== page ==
After consuming the atherogenic diet for 8 weeks, mice were fasted for 4 hours in the morning, blood collected from the retro-orbital sinus into tubes with EDTA, centrifuged at 9000 rpm for 5 minutes, and plasma frozen at −20°C until analyzed. Plasma samples were analyzed within a week of being collected for HDL concentrations, measured directly with a Synchron CX Delta System (Beckman Coulter) using the assay called HDLD, which is an enzymatic reagent kit (no. 650207, Beckman Coulter). In this measurement, only the HDL lipoprotein particles were solubilized, and the HDL cholesterol was released to react with cholesterol esterase and cholesterol oxidase. All crosses had HDL measured in exactly the same way. Each HDL assay included standards from the manufacturer, our own laboratory standards prepared from a large plasma pool, which was aliquoted and frozen. Once a month we also included biological standards by measuring 6 C57BL/6 mice. Our original HDL assay was carefully validated by ultracentrifugation6 in both chow and atherogenic-diet fed mice, and this assay was validated against our first assay.
DNA was prepared from tail samples. Tail tips were digested with proteinase K, and DNA was extracted with phenol-chloroform and resuspended in 10 mmol/L Tris.Hcl (PH:8.0). Polymorphic MIT microsatellite markers D1Mit1, D1Mit373, D1Mit212, D1Mit177, D1Mit132, D1Mit336, D1Mit218, D1Mit103, D1Mit14, and D1Mit148 were genotyped using agarose gel electrophoresis (NuSieve 3:1, FMC BioProducts) and SNPs rs3717961, rs3708797, and rs3022854 were genotyped by the Allele-Typing Service at The Jackson Laboratory in conjunction with KBiosciences.
HDL values were ln-transformed to reduce the right skew in the HDL distribution, and more importantly, to produce a constant variance among the crosses. This prevents a cross with greater phenotypic variance from dominating the results when cross data are combined.
QTL mapping was carried out as previously described7,8 with a multiple imputation algorithm9 used to account for missing marker genotypes. Sex was first included as an additive covariate to account for overall differences in HDL between the sexes. A second scan included sex as an interactive covariate to identify sex specific QTL. The difference in LOD score (ΔLOD) between these 2 scans constitutes a test for QTL-by-sex interaction, and a LOD of 2 or more represents a significance difference in QTL between sexes.10 QTL were deemed significant if they either met or exceeded the 95% genome-wide adjusted threshold, which was assessed by permutation analysis.9 Analyses were carried out using Pseudomarker 1.1 software (http://www.jax.org/staff/churchill/labsite). QTL confidence intervals were calculated according to the posterior probability density of QTL locations, as described previously.9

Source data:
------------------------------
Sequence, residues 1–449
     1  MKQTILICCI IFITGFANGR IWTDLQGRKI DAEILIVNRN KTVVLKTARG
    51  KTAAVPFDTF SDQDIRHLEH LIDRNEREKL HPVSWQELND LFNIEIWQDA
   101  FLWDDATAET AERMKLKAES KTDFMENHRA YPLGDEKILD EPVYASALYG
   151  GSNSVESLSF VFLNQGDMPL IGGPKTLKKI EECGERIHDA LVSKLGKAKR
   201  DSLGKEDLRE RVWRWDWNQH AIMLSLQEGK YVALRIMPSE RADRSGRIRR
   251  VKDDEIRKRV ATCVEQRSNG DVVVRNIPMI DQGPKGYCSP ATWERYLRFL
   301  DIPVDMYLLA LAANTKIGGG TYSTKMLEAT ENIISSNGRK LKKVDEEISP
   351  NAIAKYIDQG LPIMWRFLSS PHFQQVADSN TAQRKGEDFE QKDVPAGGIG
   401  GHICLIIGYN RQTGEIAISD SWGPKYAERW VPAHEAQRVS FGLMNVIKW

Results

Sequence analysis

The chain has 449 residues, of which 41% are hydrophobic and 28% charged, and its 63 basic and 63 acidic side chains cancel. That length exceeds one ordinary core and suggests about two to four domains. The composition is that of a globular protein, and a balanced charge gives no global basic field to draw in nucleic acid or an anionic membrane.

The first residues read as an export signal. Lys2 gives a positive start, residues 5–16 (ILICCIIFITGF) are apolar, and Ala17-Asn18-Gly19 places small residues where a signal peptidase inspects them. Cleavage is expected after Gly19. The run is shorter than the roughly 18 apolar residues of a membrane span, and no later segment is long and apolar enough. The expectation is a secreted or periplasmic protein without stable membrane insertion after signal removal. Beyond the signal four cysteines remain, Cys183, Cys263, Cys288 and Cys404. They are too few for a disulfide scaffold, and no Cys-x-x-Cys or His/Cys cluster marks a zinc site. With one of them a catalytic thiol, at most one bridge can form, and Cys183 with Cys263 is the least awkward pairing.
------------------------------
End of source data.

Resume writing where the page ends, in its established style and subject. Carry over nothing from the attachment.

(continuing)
We combined the raw Chr 1 data from the B6×1293 and NZB×NZW crosses by recoding the B6 and NZB genotypes as L for low HDL alleles and the 129 and NZW genotypes as H for high HDL alleles.11 An LOD score was computed at 2-cM intervals across the QTL interval for each cross separately and then for both crosses combined. The combined data were analyzed with “HDL phenotype” as standardized and “cross” as an additive covariate.
Data other than the QTL were analyzed using Graphpad Prism (Windows v4.00, GraphPad Software). Student t test was used to compare the plasma HDL concentrations among the different groups.
SNPs used in the haplotype analysis were obtained from the publicly available mouse SNP databases (http://jax.org/phenome/snps). The missing SNP data for some strains were imputed as previously described.12 We identified the regions where the mouse genome displays a haplotype block structure, assigned individual strains to local dominant haplotypes, and inferred the genotypes of missing SNP alleles using a hidden Markov model. These imputed genotypes are publicly available at http://cgd.jax.org/imputedSNPdata/v1.1/.12
To sequence candidate genes in the parental strains NZW, 129, NZB, and B6, we used the genomic sequence of B6, obtained from the UCSC mouse genome assembly (http://genome.ucsc.edu/) to design primers that amplified each exon and at least 50 nucleotides of the adjacent introns (supplemental Table I). Purified polymerase chain reaction (PCR) products were subjected to thermocycle sequencing, and resulting fragments analyzed on capillary-based machines by the Jackson Laboratory DNA Sequence Laboratory. Sequences were analyzed by aligning to the genomic B6 sequence using Sequencher software (version 4.1.4, GeneCodes Technology). These sequences have been submitted to dbSNP (rs13475988 and rs13467752).
Gene Expression Examined by Real-Time PCR